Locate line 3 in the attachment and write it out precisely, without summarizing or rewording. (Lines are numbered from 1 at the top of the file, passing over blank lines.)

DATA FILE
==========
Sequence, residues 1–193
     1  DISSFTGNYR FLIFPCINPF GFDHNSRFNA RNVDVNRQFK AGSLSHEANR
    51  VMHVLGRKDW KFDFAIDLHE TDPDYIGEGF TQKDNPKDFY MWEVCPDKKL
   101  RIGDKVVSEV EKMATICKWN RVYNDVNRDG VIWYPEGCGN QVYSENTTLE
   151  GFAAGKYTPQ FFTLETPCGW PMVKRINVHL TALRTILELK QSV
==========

    51  VMHVLGRKDW KFDFAIDLHE TDPDYIGEGF TQKDNPKDFY MWEVCPDKKL